For years, American doctors and medical groups have told Americans that 150 minutes a week of “moderate intensity” exercise is the place to achieve maximum health and longevity. This recommendation, which the Centers for Disease Control and Prevention promotes as an ideal on its website and literature, equates to about 5 half-hour exercises per week. The reason more exercise is not advertised as often is that, contrary to some endeavors, the relationship between exercise and health benefits does not appear to expand linearly.
Now, a massive new study is casting doubt on this proposed figure. In fact, it turns out that exercising twice as much may actually bring a host of health benefits. It suggests that millions of us who are moderately active, and follow the exercise wisdom of our doctors, may want to consider doubling (or more) our weekly exercise time in order to live longer and be healthier.
In the latest study — published in the scientific journal Circulation — the scientists looked at a sample size of more than 116,000 American adults divided into two groups. Researchers analyzed self-reported leisure physical activity as scientists followed up with members of the groups over a period of 30 years (1988 to 2018). Within this group, more than 47,000 people died, while the rest supported a wide range of health conditions during that time.
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As they discovered, the big factor in deciding how much exercise you should be doing is the accuracy of the exercise in question itself. As of 2018, the Physical Activity Guidelines for Americans recommend at least 150 to 300 minutes per week of moderate physical activity and 75 to 150 minutes per week of vigorous physical activity. If this really sounds daunting, guess what? You should double it – or, otherwise, put an “equivalent combination of the two”.
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Nearly maximum correlation with lower mortality was achieved through performance [approximately] 150 to 300 minutes a week of long-term leisure [vigorous physical activity]from 300 to 600 [minutes] A week of long-term leisure [moderate physical activity]or an equivalent combination of the two,” concluded the study authors.
Scientists say the study is really comprehensive and should be taken seriously. One fitness expert, Harvard University Professor of Human Evolutionary Biology Daniel E. Lieberman, described the study to Salon in writing as “excellent” and added that “the results make perfect sense.”
“[Fifty] Minutes per week of moderate vigorous physical activity has been somewhat set as the standard minimum recommendation, but the word “minimum” is often left out of the conversation, and few studies have ever argued that additional physical activity – especially vigorous physical activity – It wasn’t more helpful,” Lieberman explained. The question has always been how much more and what intensity produces to what degree of benefit. This study provides excellent evidence to support the evidence that more than 150 minutes has benefits, especially when it is strong.”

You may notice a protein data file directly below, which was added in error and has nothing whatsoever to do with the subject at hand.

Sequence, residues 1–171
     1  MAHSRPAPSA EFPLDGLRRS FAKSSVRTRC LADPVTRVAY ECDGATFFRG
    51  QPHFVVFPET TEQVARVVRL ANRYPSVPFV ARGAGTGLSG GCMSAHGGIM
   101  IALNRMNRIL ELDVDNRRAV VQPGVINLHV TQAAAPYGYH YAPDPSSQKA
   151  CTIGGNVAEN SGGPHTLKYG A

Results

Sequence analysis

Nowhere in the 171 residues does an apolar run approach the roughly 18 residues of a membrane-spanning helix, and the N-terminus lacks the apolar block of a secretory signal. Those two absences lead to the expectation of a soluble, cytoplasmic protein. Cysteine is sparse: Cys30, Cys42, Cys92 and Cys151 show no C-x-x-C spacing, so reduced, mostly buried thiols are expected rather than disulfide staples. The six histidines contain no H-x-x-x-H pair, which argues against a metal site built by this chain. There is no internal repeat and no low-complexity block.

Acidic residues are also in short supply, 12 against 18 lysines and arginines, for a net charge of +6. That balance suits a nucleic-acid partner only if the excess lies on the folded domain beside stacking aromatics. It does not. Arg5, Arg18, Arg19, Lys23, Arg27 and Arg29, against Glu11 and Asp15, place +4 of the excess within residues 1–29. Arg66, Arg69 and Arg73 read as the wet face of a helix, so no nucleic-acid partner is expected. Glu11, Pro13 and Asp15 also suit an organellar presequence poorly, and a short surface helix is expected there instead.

Referring to his latest book, “Exercise,” Lieberman added that the study “also reinforces other evidence that concerns about excessive exercise are exaggerated.”
The news can be somewhat disappointing for people who have repeatedly tried to lose weight and found it difficult to shed pounds. Scientific evidence overwhelmingly indicates that it is difficult for most people to lose weight and maintain it, and that this difficulty can frustrate people who want to become healthier from doing so. However, even if the weight does not decrease as quickly or as noticeably as you might like, your health will still benefit greatly only by improving your diet and exercise habits.
“This study provides excellent evidence to support evidence over 150 minutes [per week] It has benefits, especially when it’s powerful.”
Lieberman made a similar point.
“What all of these studies show is that some exercise is always better than none, that the benefits eventually come down, and that mixing it up is beneficial,” Lieberman noted. “Moderate aerobic activity is the cornerstone of every exercise regimen, but a certain degree of strength training is important especially as we age, and some vigorous physical activity is always beneficial for those who can safely tolerate it.” Moreover, the situation is complicated by “many factors such as age, gender, physical fitness, health status, past physical activity history, etc.”
However, one thing is indisputable: if you focus on being healthy, there are unlikely to be downsides.
“I’d like to remind readers that this study (like many of them) only addresses age, not period of health,” Lieberman explained. “Physical activity has stronger effects on the healthy period of life. In other words, what physical activity really does is reduce one’s susceptibility to a wide range of diseases, and in turn increase the healthy period, and thus age (and also quality of life). I think we need to be more concerned with period. health”.
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